2. Let the kids play a bit with the technology to “get their giggles/wiggles out” so they won’t do it when they are supposed to be on task. It will eliminate temptation.
  3. Only use tech if the task is engaging and the pace can be solid. It is not meant to be “babysitting” or “entertaining” your students
  4. YOU are the best app on the kids’ iPads! Use the “the two eyes, two feet app” – keep  circulating around the room. Once they know you are stationary – they will know they are being babysat and will start to go off task.
  5. Technology is not an all-the-time tool, and meant to be put away too.

Another helpful hint, which I am actually including this in my course syllabus this year:

Make it a rule that student devices should be flat on their desk. When not in use, tablets should be closed, stored, or flipped over. If students are using laptops, have them put their computers to a 45 degree angle while you are talking, or while not in use.

#6 – Fostering Engagement through Rigor + Metacognition

“Edtech” is not innovation. In the same way, difficulty is not rigor. Metacognition is the other piece I have learned to add into each task, in order to increase engagement and rigor. (See my previous blog post for more on this.)

Taking a moment to show students how to think about the task, open their awareness, and create a mindful group of learners makes each lesson I teach more successful than it would have been without the metacognitive piece.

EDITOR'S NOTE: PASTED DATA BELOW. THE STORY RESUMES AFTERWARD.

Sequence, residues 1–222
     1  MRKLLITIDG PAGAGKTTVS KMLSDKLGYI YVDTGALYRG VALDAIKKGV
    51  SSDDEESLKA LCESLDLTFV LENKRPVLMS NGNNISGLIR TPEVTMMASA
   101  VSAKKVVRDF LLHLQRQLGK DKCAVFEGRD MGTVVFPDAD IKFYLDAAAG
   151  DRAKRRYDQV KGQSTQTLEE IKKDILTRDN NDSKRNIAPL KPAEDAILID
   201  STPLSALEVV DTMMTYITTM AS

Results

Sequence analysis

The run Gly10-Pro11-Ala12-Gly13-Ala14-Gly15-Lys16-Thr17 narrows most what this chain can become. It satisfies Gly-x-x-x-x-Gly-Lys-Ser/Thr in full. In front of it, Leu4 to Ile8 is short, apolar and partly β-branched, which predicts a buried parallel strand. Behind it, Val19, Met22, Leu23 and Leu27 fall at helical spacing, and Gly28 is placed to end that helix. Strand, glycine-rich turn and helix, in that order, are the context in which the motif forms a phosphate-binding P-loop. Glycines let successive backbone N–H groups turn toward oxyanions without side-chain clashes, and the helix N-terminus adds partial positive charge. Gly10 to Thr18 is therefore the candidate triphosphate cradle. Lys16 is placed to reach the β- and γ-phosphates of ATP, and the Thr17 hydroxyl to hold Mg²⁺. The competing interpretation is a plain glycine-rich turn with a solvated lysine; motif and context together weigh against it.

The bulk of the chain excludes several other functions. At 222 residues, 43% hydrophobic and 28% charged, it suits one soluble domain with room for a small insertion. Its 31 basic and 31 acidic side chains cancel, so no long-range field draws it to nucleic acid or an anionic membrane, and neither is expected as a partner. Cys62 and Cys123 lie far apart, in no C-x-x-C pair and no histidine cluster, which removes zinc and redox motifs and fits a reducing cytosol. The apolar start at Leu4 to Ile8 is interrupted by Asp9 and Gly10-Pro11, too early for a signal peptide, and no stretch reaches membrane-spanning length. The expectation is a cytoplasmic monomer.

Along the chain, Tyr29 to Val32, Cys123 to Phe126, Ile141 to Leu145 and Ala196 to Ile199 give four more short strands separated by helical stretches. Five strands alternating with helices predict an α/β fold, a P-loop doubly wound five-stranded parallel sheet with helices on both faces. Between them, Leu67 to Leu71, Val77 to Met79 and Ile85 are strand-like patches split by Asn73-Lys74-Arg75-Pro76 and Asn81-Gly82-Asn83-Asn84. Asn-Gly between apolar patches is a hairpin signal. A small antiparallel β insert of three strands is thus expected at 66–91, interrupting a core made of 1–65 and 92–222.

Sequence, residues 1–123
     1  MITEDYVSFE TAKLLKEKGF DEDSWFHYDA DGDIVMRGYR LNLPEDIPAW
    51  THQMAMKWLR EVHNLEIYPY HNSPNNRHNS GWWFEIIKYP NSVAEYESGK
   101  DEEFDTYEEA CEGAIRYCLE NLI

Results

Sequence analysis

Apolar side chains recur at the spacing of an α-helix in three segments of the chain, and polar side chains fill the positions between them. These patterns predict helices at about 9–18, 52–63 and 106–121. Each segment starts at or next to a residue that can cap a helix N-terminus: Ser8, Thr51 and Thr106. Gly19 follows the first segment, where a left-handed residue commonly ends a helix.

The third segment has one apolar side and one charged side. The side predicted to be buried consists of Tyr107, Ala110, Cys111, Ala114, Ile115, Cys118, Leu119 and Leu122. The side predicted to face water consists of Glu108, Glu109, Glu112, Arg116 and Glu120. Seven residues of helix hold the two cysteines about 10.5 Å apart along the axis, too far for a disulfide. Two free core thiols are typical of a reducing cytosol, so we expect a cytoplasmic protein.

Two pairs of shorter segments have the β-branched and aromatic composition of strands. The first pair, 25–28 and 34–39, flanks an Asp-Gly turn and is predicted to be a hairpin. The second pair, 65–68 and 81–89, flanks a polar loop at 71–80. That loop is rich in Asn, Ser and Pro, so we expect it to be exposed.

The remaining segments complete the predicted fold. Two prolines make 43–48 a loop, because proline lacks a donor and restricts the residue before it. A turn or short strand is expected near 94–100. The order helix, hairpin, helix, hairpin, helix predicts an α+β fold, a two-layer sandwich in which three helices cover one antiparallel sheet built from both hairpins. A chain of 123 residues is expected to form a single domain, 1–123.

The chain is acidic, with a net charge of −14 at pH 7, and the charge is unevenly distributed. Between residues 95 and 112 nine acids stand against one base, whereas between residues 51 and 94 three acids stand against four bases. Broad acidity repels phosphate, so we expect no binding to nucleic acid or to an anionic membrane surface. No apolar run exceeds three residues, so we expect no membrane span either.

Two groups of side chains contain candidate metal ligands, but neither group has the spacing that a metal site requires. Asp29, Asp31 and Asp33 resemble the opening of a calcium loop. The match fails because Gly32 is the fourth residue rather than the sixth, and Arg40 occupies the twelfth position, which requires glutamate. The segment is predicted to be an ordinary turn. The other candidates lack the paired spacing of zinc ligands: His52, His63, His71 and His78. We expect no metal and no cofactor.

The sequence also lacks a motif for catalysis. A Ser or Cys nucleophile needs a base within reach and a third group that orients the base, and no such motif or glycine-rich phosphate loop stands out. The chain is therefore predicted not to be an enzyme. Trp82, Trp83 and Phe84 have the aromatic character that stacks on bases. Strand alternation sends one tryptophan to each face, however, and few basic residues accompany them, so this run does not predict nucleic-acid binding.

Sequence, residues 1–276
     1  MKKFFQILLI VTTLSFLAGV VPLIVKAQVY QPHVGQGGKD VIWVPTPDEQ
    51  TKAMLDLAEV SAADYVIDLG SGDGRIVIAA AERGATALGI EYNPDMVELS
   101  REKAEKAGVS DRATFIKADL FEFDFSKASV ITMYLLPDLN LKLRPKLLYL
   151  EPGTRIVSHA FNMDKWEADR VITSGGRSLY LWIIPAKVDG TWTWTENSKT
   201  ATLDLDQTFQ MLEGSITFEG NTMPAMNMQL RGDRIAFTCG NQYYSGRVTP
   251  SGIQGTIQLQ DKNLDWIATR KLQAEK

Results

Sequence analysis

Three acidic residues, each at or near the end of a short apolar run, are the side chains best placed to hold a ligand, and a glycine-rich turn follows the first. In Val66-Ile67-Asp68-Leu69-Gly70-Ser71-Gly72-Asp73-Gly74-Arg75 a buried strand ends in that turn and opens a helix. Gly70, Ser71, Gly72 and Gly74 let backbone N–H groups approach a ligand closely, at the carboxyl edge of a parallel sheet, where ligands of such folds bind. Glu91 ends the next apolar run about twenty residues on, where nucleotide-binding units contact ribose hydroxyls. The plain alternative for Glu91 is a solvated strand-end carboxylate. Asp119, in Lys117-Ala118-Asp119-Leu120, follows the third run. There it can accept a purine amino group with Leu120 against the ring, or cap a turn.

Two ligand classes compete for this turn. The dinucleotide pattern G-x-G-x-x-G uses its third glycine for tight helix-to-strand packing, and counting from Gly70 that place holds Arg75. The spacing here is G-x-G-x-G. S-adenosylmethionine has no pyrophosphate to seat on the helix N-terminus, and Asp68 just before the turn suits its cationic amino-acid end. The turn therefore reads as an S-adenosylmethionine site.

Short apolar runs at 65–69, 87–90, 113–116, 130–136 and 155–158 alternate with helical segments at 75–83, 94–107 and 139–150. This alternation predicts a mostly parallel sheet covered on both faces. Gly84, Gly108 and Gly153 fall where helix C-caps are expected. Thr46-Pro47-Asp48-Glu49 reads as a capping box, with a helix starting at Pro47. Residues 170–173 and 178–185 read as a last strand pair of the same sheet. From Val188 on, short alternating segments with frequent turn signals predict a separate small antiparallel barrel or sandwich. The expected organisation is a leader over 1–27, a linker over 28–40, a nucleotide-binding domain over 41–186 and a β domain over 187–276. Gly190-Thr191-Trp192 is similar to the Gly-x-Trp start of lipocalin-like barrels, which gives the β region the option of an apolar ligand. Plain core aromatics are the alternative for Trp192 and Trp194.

Discussion, and having students explain things back to me are intellectually stimulating. Pulling ideas out into the “big picture,” pushing into the micro level, applying it to their experiences in life to ignite relevance all have shown to help relate to what my students are learning.

Increase of rigor is not guaranteed by these approaches, but more possible.

Choices About Process Elicit a Better Product

  • Choice within the content material is also an accelerator of engagement, in my opinion.
  • Giving students options on how they present what they know has shown to foster engagement in my own classroom.
  • This gives a confidence boost to the students who like to “swim upstream” – and allows them to shine.
  • As confidence goes up, so does one’s commitment to learning, and rigor is the by-product.

#7 – Assessment

Because of a large number of students, and the ability to quickly shift from one app to another, I did not allow electronic summative assessments. Instead, unit tests were completed on paper.

On the other hand, I fully embraced formative assessment on the devices. I included online quizzes for each unit on Schoology (our school’s chosen LMS). My students really took advantage of these self-checks. They were ungraded, and allowed students to review material covered, and check for reading comprehension.

#8 – Selecting Programs and ApplicationsiStock_000017827226Small